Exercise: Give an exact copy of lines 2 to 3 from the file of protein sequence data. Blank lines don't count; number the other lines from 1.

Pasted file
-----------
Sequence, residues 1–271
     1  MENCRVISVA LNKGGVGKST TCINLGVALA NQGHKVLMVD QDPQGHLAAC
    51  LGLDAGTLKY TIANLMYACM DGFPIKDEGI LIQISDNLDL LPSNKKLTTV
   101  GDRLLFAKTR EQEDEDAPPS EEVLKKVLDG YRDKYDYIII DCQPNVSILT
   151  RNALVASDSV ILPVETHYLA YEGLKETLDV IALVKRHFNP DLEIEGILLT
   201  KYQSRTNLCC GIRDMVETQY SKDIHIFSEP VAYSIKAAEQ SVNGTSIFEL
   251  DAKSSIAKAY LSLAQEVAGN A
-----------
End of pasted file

     1  MENCRVISVA LNKGGVGKST TCINLGVALA NQGHKVLMVD QDPQGHLAAC
    51  LGLDAGTLKY TIANLMYACM DGFPIKDEGI LIQISDNLDL LPSNKKLTTV